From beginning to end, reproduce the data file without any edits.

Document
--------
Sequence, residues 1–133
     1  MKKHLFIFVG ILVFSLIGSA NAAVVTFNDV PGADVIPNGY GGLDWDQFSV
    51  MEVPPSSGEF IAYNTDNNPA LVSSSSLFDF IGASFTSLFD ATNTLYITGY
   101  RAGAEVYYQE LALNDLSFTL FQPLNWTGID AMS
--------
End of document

Sequence, residues 1–133
     1  MKKHLFIFVG ILVFSLIGSA NAAVVTFNDV PGADVIPNGY GGLDWDQFSV
    51  MEVPPSSGEF IAYNTDNNPA LVSSSSLFDF IGASFTSLFD ATNTLYITGY
   101  RAGAEVYYQE LALNDLSFTL FQPLNWTGID AMS